carole lombard

After they were married in 1939 and Carole Lombard had proficiently decorated and furnished their cozy Encino abode to suit her and her “moose” of a husband, Clark Gable, she set her sights on her next goal: motherhood. Unfortunately for the Gables, this was a wish that would remain unfulfilled.

The consensus these days seems to be that Carole had some sort of medical problem that prevented her from becoming pregnant. Nowadays, a doctor would have told her first and foremost that she needed to stop the chain-smoking and perhaps dial down the coffee and Coca-Cola chugging.

Clark fathered a daughter with Loretta Young and later on a son with his fifth wife Kay, so the claims that some friends of Carole’s made that he was the one with the fertility problem seem to be unfounded.

Since we’ll never know exactly why parenthood sadly eluded the Gables, let’s look at the pregnancy and miscarriage rumors that plagued the couple throughout their marriage.

August 3, 1939:

Enthused Over Son

Carole Lombard and Clark Gable are so enthused over the arrival of a six-pound baby son for the Walter Langs (Mrs. Lang was “Fieldsie” Carole’s long-time secretary and closest friend) that it is now no secret they’d like a little Gable themselves. The two paced the hospital corridors with the anxious father awaiting the birth of the baby–and when Carole first glimpsed it, she said, “Here’s your Auntie Carole, you beautiful little thing!”

The baby was Richard Lang, Clark and Carole’s godson, whom Clark eventually gave his Academy Award to because the child admired it.

August 5, 1939:

Carole Lombard, blonde screen star, had undergone an operation for acute appendicitis and is recovering satisfactorily, it was learned today.

The actress was taken to Good Samaritan Hospital by her film star husband, Clark Gable. She had been ill two days.

Dr. Norman Williams performed the operation and reported that Miss Lombard’s condition was excellent.

Miss Lombard when she became ill was in midst of production in a picture called “Vigil in the Night” in which she plays the role of a nurse.  RKO-Radio Studio said that production will be postponed until Miss Lombard recovers.

Many sources say that this was not an appendectomy and that in fact Carole had miscarried after horseback riding.

carole lombard baby

By November, the adoption rumors were circulating.

November 29, 1939:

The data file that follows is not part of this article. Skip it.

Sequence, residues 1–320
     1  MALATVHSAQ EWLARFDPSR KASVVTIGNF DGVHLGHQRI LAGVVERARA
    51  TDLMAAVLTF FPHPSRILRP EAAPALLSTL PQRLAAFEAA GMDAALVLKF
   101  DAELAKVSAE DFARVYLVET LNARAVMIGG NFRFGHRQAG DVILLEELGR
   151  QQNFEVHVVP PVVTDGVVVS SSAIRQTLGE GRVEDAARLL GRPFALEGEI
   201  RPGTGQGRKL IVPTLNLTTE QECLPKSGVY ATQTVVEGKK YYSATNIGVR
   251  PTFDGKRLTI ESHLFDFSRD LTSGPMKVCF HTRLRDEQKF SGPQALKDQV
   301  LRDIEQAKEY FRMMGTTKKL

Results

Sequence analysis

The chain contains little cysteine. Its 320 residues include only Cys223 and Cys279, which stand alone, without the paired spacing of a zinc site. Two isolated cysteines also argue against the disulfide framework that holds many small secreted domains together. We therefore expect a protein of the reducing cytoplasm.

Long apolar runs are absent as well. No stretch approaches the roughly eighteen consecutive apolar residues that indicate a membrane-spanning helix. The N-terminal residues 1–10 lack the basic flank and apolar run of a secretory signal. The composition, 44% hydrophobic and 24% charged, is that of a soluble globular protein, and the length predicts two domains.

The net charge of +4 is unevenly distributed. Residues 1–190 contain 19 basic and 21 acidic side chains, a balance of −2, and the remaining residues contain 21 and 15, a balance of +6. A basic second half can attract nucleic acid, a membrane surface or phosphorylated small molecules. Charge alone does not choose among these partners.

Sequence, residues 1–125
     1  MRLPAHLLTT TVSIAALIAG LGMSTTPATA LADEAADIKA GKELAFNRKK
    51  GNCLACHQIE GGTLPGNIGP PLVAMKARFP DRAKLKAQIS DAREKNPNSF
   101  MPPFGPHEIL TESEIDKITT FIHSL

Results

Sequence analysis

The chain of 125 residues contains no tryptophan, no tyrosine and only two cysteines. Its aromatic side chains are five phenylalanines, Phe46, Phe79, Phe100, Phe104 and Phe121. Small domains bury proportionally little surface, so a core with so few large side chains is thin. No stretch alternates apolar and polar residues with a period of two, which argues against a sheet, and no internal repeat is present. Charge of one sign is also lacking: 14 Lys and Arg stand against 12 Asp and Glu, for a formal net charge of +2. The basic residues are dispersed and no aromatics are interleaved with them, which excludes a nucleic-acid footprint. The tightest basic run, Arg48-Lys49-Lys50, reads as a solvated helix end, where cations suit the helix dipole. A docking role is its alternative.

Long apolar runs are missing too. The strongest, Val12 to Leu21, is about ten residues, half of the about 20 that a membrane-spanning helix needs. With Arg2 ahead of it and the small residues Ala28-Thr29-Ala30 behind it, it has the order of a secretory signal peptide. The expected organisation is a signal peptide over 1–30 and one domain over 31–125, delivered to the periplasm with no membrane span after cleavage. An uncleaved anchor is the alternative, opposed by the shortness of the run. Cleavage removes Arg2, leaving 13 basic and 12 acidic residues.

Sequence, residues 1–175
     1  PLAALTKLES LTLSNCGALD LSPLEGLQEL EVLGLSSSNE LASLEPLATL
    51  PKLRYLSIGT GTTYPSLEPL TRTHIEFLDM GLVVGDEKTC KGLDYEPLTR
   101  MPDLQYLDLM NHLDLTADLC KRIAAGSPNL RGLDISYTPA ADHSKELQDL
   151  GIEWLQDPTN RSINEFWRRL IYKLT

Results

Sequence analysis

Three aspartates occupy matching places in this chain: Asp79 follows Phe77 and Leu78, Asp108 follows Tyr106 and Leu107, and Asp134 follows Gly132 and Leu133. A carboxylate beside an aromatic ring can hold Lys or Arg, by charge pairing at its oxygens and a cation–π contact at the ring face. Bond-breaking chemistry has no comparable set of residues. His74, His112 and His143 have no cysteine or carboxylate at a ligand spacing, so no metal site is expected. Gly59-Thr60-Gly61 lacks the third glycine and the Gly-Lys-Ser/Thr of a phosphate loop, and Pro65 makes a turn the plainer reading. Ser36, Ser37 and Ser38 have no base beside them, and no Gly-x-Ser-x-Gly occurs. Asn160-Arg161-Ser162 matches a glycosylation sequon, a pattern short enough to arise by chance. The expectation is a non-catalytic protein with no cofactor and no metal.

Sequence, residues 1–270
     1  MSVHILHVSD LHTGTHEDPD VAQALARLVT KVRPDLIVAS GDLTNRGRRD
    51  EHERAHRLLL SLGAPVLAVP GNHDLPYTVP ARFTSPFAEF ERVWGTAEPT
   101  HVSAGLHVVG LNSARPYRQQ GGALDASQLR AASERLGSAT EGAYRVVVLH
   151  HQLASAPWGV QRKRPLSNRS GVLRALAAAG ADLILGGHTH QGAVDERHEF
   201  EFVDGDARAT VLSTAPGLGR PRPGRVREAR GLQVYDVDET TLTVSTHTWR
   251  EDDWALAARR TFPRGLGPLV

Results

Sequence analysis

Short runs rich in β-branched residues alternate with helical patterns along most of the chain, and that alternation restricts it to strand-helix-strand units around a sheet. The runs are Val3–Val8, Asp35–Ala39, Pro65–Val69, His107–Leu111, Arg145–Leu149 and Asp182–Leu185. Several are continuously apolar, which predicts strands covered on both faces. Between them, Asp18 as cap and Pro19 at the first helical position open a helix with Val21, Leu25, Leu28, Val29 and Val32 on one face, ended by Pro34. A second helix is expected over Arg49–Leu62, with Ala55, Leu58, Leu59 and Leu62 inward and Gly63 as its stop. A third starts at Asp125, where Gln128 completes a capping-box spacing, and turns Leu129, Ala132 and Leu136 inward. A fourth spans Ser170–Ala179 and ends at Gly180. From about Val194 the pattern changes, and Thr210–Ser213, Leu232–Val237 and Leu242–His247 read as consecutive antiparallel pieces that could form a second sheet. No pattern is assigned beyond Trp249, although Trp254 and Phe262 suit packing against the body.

Carole Lombard and Clark Gable are not going to adopt a baby–because they’ve decided in favor of the Gable brand.

Odd choice of words.

carole lombard babies

By 1940, reports circulated constantly about Carole and her various illnesses. Which seems strange since she was constantly pictured on her movie sets laughing and seemingly in the greatest of health, pictured hunting and fishing with Clark joyously. The rumors of Carole’s ill health had become so rampant that she felt compelled to give an interview to Screenland magazine proclaiming she was not sick and to stop worrying about her: “Help Kill Crazy Rumors About Me!”

Carole, all wrapped up in a white robe, was seated at her dressing table while the ever faithful Loretta fussed with her hair. She did look a bit peaked. Poor child. My heart simply overflowed with sympathy and I fought to keep the tears out of my eyes.

“Did you have a good rest, darling?” I asked softly and solicitously.

“Rest?” screamed Carole. “Are you crazy? Did you ever shoot quail? Do you know how fast they can dart over the mountains? And with me right after them with eight pounds of gun and three pounds of shells over my shoulder? Rest? I’ll have you know I walked ten miles a day, every day. Look at the blisters on my heels.”

“But, darling,” I said, so quietly and patiently, the way one speaks to a petulant invalid, “do you think you ought to do that? So much exercise isn’t good for your health, you know.”

“What’s wrong with you?” Carole demanded indignantly. “You can talk louder than that. There’s no one sleeping around here. Unless it’s Loretta.” (Loretta gave her dome a none too gentle whack with the hair brush). “And what, may I ask, is all this hooey about my health? When we got in from Mexico this morning I found a whole stack of letters from fans saying they were so worried about me. Several of them suggested specialists I should see, and different medicines which they guaranteed would cure me. I appreciate their interest. But I’m not sick. Maybe I’m a little goofy. I’ll even admit that maybe I’m a little dopey, at time. But I certainly am not sick. Why are people worried about me? Why are you giving me the Camille business? What’s it all about?”

“It was on the radio,” I gulped. “And in all the newspapers: Your health is supposed to be completely wrecked. You’re run down, your nerves are shattered, you haven’t any red corpuscles, and you’re in the last stages of something. You’re dying, too, or something like that. Anyway, you have to retire from the screen for at least a year. You’re—“

“Oh, so I’m retiring from the screen, am I? Well that is news! You don’t think that rumor could have been started by some people who say ‘Vigil in the Night’ do you? No, it can’t be that bad. In fact I think it’s rather good. If I were going to retire from the screen because of bad pictures I should have retired after ‘Fools for Scandal.’ See this—“ she showed me a slip which had a message on it that Mr. Pasternak had called. “Well, that means that I am going to do a picture at Universal in a few months. As soon as Boyer is available. And maybe before that even I have to do the Norman Krasna story which David Selznick will produce. And I have just signed a new contract with RKO which calls for three pictures. So please stop worrying about me retiring from the screen. Or, maybe you aren’t.”